Baptism is one of the two sacraments recognized as such by the Methodist church. Maybe it’s because we don’t talk about sacraments enough, or maybe it’s because the Baptists have done such a good job making their case in many regions of the country, but many people are a bit foggy on the whole idea. What’s more, why do we perform it with infants!? Here are the three things you need to know to clear the muddy waters.
1. It is an everyday mystery:
To understand the sacraments, one has to start with the fact that these sacraments share in a profound mystery; however, the mystery is a common one that each person experiences every day of their life. We are both spiritual beings and physical beings. Most people can easily point to a place where they experienced something spiritual: a divine encounter at a camp, the Bible giving clarity to a problem, or a friend speaking truth into our lives out of the blue. Likewise, we can see our physicality clearly. We get hungry; we need sleep.
Yet, we don’t experience life as if we are two people. We don’t experience life as two personalities; we experience life as a single being. That is a great mystery, and that is the mystery of the sacraments. The bread and wine of communion and the waters of baptism are definitely physical things, but there is something happening there that is beyond the water, bread, and wine. It is something spiritual.
2. Circumcision for the New Testament:
The sacrament of baptism begins before the baptism itself. Before we are baptized, we experience the grace of God. Even before we choose to follow God, God calls out to us; he extends his wooing grace to us. Baptism is the culmination of the wooing grace of God, it is a celebration of that grace.
What happens in baptism? What is the point? I think the simplest way to understand it is by looking at the baptism of Jesus.After Jesus goes into the water and comes back up, the heavens open up and God speaks. He says, “This is my son, whom I love…” (Mt 3:17) that is what baptism is. Baptism is the sacrament by which we are included in the body of Christ. It is the sacrament by which we are recognized as sons and daughters of God.
This is not a new thing. In the Old Testament, God makes his covenant with Abraham, and it is sealed with the sign of circumcision. From that point on there was an interesting conversation had with any guy who decided to become a follower of Yahweh: “There’s good news and bad news: you will be part of the family of god and be part of God’s blessing to all the nations, but you are going to have to have a little surgery before it’s official.” Circumcision confirms the covenant, and includes new people into that covenant.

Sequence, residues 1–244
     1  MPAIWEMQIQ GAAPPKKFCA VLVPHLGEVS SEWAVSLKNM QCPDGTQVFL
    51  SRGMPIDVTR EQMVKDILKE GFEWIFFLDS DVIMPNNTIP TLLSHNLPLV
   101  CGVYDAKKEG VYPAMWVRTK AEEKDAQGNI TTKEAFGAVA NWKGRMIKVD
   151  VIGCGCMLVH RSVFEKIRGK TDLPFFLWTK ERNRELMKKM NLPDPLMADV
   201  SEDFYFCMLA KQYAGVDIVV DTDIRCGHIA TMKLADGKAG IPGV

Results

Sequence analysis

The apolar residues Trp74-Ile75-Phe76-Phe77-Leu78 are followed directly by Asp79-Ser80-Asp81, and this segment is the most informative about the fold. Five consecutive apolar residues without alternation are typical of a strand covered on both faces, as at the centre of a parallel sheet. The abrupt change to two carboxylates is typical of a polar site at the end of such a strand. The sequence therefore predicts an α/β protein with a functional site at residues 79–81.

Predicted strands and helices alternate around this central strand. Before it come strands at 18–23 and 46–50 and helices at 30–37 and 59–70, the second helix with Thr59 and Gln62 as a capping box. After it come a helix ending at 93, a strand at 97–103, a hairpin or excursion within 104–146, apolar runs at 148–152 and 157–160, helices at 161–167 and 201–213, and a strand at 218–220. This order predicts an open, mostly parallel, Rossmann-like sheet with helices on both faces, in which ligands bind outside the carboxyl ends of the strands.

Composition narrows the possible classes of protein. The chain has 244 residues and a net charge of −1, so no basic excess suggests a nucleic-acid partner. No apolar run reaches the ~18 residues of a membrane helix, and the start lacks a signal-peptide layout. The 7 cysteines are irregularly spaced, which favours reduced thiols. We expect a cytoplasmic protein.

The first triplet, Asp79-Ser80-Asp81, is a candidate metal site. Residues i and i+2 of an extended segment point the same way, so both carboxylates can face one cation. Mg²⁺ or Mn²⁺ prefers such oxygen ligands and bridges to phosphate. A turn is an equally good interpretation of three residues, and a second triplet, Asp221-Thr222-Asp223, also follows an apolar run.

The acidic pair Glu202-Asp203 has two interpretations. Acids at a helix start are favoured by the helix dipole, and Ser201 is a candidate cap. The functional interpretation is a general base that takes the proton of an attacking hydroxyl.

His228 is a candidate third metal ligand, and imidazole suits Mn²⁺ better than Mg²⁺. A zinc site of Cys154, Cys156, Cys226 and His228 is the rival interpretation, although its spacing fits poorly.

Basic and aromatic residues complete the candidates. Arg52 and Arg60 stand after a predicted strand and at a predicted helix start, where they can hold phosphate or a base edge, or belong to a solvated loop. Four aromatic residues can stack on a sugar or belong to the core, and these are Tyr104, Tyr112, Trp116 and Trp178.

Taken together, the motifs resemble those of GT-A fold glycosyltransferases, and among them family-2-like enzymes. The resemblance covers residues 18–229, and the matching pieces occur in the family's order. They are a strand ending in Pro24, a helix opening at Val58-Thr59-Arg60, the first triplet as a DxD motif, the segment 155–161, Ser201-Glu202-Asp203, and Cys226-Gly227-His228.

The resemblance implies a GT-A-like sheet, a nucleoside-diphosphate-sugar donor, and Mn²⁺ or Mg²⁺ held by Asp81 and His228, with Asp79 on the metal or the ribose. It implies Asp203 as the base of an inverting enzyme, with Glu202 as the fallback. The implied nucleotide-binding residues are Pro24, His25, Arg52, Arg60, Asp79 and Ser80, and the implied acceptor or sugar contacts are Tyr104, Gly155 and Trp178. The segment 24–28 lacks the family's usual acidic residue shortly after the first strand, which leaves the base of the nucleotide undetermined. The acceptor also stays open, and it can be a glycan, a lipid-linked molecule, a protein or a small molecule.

Baptism does everything for us that circumcision did for the people of Israel. By the sacrament of baptism we are included into the body of Christ with all that means and implies. It is through our inclusion in his body that we can share in his death and resurrection.
3. Beginning and Ending for Infants
The interesting thing about Jesus’ baptism with John is that it begins with John but is not complete until years later when he dies and is resurrected (check out Luke 12:50). That idea is the key to understanding infant baptism. We believe that, just like the covenant with Abraham, the seal of the covenant is for the children of believers as well as adults who want to become part of the body of Christ.
Children are incorporated into the body of Christ as the parents and the church covenant to be the agents of God’s grace wooing the child to God so that one day the child can confirm the covenant through their own decision. In infant baptism, the sacrament begins in baptism and is completed in confirmation.
The reason we do not rebaptize in confirmation is because it is not about our actions. We don’t have within us what is required to deal with sin. The only person who can deal with sin is God. That means that the sacraments are a divine act, not a human one. The fact that we didn’t get chill bumps or don’t remember it because we were too young has nothing to do with the power of God. He is both faithful and powerful. When he does something, he doesn’t have to redo it later to make sure it took.
Bonus – Infant Dedication:
Depending on which part of the country you live in, you may have to deal with the question of whether or not the Methodist church will dedicate babies. The short answer is: No. But, the best response I have seen is actually on the church’s FAQ about baptism. Check it out here.
Jeremy Steele has been working in youth ministry for the past fifteen years and now serves as the Next Generation Minister at Christ United Methodist Church in Mobile, AL. He writes for Group Magazine, RETHINK Church and various publications and organizations. You can find a link to all the places he contributes on his website at JeremyWords.com.